Fraud is big business in the UK.
A massive £824 million was stolen through unauthorised financial frauds last year. That’s according to the Fraud: The Facts 2020 report from banking trade body UK Finance, and while that’s down by 2% on the year before, it’s still an awful lot of money.
Within this, authorised push payment (APP) scams make up a huge proportion of business fraud losing businesses over £455 million a year and it’s these APP scams that have been particularly effective when targeted at businesses.
Adam Philpott, EMEA President at security software giant McAfee, said that cybercriminals are being innovative in finding new ways to scam victims, and that it is “therefore vital that businesses are aware of the potential risks and feel empowered about ways to overcome them”.
So how do these scams work? And what can business leaders do to improve their defences against such schemes?
The different types of APP scam
An APP scam is where a fraudster convinces you to authorise a payment into their account, but it can take many forms. For businesses, there are a few common types of APP scam to be aware of.
Invoice and mandate scams
In terms of the money lost, the biggest are invoice and mandate scams, which according to the UK Finance report amounted to £82.4 million for business victims. On average, the payment made to the scammer came to £16,209.
This is where a scammer intervenes in dialogue between the victim and the person they legitimately want to pay, redirecting the payment to an account they control.
It tends to be the result of the scammer intercepting emails or compromising an email account, so that they can then pose as a supplier or tradesperson, like a builder or conveyancing solicitor.
They then issue a fake invoice for the goods or service supplied, calling for payment into an account managed by the scammer.
There are a number of steps outlined by UK Finance which business managers can follow to protect their firms from invoice and mandate scams:
- Confirm any bank details directly with the genuine business in person or over the telephone before any payment is made.
- If you receive communication around a change in payment details, then do not use the contact details in the email to confirm them ‒ instead check the company’s official documentation or website.
- When making a payment to an account for a first time, only transfer a small amount first. Then check with the company, using known contact details that you trust, to check the payment has been received in order to increase your confidence that the account details are correct.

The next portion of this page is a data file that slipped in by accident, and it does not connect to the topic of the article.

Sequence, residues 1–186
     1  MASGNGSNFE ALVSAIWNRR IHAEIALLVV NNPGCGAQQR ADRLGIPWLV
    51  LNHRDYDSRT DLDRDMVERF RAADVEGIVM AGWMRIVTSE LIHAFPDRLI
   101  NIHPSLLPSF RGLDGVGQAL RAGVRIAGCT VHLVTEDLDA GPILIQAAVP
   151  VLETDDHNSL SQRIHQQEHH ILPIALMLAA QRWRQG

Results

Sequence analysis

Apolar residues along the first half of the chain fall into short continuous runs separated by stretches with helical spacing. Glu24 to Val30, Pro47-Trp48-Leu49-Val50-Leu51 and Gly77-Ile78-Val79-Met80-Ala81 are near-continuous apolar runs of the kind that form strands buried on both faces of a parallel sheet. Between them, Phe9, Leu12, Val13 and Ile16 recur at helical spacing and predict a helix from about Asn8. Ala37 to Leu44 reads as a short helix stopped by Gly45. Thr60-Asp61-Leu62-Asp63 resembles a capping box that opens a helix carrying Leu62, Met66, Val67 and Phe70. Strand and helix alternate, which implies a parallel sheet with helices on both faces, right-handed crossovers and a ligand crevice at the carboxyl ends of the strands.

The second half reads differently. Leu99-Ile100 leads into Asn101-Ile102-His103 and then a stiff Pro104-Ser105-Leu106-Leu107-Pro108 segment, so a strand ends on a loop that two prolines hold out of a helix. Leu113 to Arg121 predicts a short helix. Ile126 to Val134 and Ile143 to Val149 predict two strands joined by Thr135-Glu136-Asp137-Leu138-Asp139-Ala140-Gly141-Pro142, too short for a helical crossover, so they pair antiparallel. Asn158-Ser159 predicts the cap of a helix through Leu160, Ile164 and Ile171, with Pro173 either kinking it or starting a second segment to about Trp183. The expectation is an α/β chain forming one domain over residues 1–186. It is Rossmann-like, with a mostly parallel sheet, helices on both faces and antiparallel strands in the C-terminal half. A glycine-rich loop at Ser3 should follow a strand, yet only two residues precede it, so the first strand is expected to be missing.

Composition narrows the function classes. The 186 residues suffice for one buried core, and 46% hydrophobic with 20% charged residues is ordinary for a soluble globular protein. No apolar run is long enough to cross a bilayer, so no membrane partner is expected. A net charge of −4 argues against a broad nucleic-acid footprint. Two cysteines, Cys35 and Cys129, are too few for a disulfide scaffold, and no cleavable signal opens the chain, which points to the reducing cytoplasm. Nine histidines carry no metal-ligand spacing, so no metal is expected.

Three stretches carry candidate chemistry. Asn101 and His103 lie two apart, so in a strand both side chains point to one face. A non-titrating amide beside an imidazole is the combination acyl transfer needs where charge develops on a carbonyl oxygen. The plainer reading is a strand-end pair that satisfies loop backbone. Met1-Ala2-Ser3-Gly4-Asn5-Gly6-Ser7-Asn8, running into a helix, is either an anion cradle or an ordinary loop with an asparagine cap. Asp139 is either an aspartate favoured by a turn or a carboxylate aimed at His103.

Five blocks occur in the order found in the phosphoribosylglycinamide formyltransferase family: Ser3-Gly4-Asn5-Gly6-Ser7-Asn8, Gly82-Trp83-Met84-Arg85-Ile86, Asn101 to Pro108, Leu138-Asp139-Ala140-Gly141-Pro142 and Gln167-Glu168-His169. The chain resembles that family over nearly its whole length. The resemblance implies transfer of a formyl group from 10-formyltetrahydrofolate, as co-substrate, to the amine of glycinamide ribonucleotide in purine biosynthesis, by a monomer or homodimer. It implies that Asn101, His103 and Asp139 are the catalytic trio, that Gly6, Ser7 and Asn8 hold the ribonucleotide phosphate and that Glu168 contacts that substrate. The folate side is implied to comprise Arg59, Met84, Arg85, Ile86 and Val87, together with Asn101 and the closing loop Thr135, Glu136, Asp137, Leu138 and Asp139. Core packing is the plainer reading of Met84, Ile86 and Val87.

As the name suggests, this is a form of fraud where the scammer poses as the boss or another high ranking official within the business. They then attempt to convince the victim to make a payment into the scammer’s bank account as a matter or urgency.
In order to carry out the scam, the fraudster will either find a way to hack into the CEO’s email address, or else use spoofing software to email members of the finance team from a convincing looking account.
This form of scam led to businesses losing £16.5 million in 2019 according to UK Finance.
So how can businesses protect themselves?
- Check any unusual payment requests directly ‒ speak to the person asking you to make the payment in person or by phone to confirm the instruction is genuine. Do not use the contact details in the email or letter sent asking you to make the payment.
- Ensure the business establishes a properly documented internal process for requesting and authorising all payments. Be suspicious of any requests for payments that are made outside of this process.
- Any email or letter which requests an urgent transfer should be treated with suspicion.
Finally, there are impersonation frauds. Precisely who the scammer poses as can vary significantly, from the police or the bank to energy suppliers and government departments.
When the scammer pretends to be the police or a bank, they will warn the victim that an account has been compromised and urge them to move money into a different one, which the scammer controls.
With other impersonation scams, the victim is talked into handing over money to pay a fictitious fine, overdue tax or return an erroneous refund.
It can prove effective too, with all impersonation scams leading to losses of £24.7 million by businesses last year.
To protect your business from these scams, you should:
- Remember banks and the police will never ask you to transfer money to a safe account
- Never give remote access to your computer to anyone as the result of a cold call or unsolicited message
- If you are suspicious about the person contacting you, hang up and then contact the organisation directly to check if it was genuine.
Don’t let your guard down
Philpott cautioned that the current shift to remote working may put businesses at greater risk, with staff letting their guard down.
He explained “Businesses may now be accessing banking services from home devices which may not be as securely configured as those available in the office, posing further risk of fraud via remote access.”
Adam Philpott, EMEA President, McAfee
Katy Worobec, managing director of economic crime at UK Finance, agreed that with so many businesses closed or working remotely, it has never been more important for businesses to check all payment requests or bank details are genuine before processing them.
She continued: “We would urge businesses to always follow the advice of the Take Five to Stop Fraud business toolkit on how to stay safe from scams, and remember that criminals are experts at impersonating people, organisations and the police.”
Equals is here to help simplify the way businesses spend, send and manage their money.
For more on international payments, check out Equals FX – our expert payments service that takes the hassle out of sending money overseas. If you’re more interested in taking control of your business expenses, see Equals Spend – our spend management tool.